'The Forward,' Storied Jewish Paper, Shutters Print Edition After 121 Years
It has been a long, long time since New York City's newsstands have been bereft of copies of The Forward. Founded as a Yiddish-language daily in 1897, the newspaper once known as The Jewish Daily Forward endured a host of major changes over its long life span — but through them all, the small publication reliably went to press with news that its predominantly American Jewish audience often couldn't find elsewhere.
But that will change come springtime.
The paper announced Thursday that it is ending its print operation to "become a digitally focused publisher," laying off 10 jobs — or nearly 30 percent of its staff — in the process. That includes The Forward's editor-in-chief, Jane Eisner.
"The Forward has never stagnated. Over our 121-year history, we have changed our format many times, launching new sections, publishing in new languages (Yiddish, English, Russian), and embracing change in our community," the publication's CEO and publisher, Rachel Fishman Feddersen, said in a letter to readers.
"Whereas our readers once went to the newsstand with a nickel to read the news of the day, today, the vast majority of our community connects through the digital world. That is where the Forward is and will be."
Founded by Yiddish-speaking socialist champions of trade unions, the traditionally muckraking newspaper reached its zenith back in the early 1930s, when the paper had a nationwide circulation of upwards of 275,000 At various times it boasted the writings of future Nobel laureates Isaac Bashevis Singer and Elie Wiesel. In recent decades, it has adopted an English-language version and cut back to a weekly schedule as its circulation declined to the tens of thousands.
Still, despite its diminishing physical reach, The Forward has maintained an outsize impact, both among its dedicated following and occasionally with major scoops — as it did in 2017, when the paper dropped a bombshell story about President Trump's then-counterterrorism adviser Sebastian Gorka.
"We understand that the American Jewish story is really intertwined with so many other things that are going on across this country today," Eisner told NPR's David Folkenflik days after the Gorka story dropped. "And so we think we are continuing this rich journalistic heritage, but we're writing for a much broader audience."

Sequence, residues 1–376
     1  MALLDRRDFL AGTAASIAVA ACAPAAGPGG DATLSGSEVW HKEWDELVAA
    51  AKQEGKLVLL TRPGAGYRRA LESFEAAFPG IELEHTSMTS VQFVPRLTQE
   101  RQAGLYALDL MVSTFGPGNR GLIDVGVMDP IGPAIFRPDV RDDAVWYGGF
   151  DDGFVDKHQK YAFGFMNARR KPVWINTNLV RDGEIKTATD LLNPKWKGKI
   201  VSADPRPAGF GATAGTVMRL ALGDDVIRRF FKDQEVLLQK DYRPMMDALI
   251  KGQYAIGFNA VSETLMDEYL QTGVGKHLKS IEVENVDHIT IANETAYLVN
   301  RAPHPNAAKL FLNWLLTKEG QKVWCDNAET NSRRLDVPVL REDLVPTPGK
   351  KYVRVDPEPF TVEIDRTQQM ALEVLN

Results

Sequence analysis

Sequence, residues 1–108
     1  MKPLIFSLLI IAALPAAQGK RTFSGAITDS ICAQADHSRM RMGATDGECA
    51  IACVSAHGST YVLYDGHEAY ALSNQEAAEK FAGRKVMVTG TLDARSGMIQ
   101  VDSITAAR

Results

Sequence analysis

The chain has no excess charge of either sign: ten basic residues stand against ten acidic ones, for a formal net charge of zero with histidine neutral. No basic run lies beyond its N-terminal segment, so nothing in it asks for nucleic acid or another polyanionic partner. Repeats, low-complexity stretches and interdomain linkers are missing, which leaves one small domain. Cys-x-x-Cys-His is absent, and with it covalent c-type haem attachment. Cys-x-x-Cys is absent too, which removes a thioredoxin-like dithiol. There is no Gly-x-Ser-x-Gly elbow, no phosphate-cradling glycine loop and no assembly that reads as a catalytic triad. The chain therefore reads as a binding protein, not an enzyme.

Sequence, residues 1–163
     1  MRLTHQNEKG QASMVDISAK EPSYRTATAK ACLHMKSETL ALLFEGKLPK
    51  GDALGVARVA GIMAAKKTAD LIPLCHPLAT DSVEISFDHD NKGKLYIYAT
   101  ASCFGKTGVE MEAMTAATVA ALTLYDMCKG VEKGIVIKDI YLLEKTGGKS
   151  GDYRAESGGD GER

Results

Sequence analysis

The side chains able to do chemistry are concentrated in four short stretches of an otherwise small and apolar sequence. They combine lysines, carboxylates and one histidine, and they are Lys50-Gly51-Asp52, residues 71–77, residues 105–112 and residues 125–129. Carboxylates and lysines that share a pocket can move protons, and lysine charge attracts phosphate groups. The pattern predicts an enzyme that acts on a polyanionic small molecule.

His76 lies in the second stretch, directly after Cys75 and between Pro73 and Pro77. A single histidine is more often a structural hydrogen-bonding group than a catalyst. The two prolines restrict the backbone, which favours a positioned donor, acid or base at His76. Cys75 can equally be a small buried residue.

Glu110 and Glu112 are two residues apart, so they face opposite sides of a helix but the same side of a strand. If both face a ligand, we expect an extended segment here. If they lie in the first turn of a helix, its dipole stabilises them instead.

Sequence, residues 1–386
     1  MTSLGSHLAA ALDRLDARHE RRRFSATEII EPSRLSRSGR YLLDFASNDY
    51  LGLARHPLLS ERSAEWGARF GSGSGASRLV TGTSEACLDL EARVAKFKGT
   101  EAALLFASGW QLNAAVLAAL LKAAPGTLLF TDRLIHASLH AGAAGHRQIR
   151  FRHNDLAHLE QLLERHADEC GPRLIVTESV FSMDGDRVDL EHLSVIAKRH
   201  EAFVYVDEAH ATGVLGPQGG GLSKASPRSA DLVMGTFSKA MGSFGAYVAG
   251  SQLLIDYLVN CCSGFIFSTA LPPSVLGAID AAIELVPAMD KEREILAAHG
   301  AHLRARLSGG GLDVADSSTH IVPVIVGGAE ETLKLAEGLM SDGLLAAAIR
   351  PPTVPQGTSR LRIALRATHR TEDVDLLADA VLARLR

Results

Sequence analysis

Its digital reach remains sizable as well, according to Feddersen, who said in a statement emailed to NPR that more than 2 million readers a month find the publication's work online. She said it is that audience the paper wants to focus on serving now.
"We've always been truth tellers at the Forward," she added, "recognizing reality and not sugar-coating it, and knowing what it takes to serve the community."
Still, the , a union representingsome of the staff at The Forward, isn't buying the explanation that the move is motivated by a shift to digital.
"This is simply an excuse to justify these layoffs," the union said in a statement released Thursday. "Our members have already been serving as a digital team, ensuring that the beloved brand remains relevant regardless of the platform, and they have been instrumental in creating a robust digital presence for the organization."
We are demanding transparency, including evidence of reported financial losses and the strategy that will “complete its evolution.” Guild members will continue to hold management accountable as we fight for the future of The Forward. pic.twitter.com/mS3v2MQ7XW— NewsGuild of New York (@nyguild) January 17, 2019
"We are demanding transparency," the NewsGuild added, "including evidence of reported financial losses and the strategy they claim will 'complete its evolution' to digital."
The Forward's digital director, Dave Goldiner, who is not a NewsGuild member, also found himself among this week's layoffs.
"I'm not an accountant, I'm not a bean counter, I'm not a businessperson, so it's hard for me to know what they're looking at when they looked at this," he told NPR. "Certainly some of the things don't make sense on the face of it."
But Goldiner, who spent seven years with the paper, said he is willing to give its management the benefit of the doubt. "It's a sad day," he said, "but I do see the logic in what they are trying to do, which is to try and move faster to a bigger audience online, and to try and keep what The Forward does alive."
And he said the storied publication's survival, ultimately, is worth fighting for — and courting investors and donors for, too.
"If there's someone out there listening or reading this that has a couple of million dollars in their pocket," he added, "I can't think of a better place to invest in the future of the truth, in the future of decency, diversity and all those values that The Forward has stood for, for 121 years — and hopefully will continue to."
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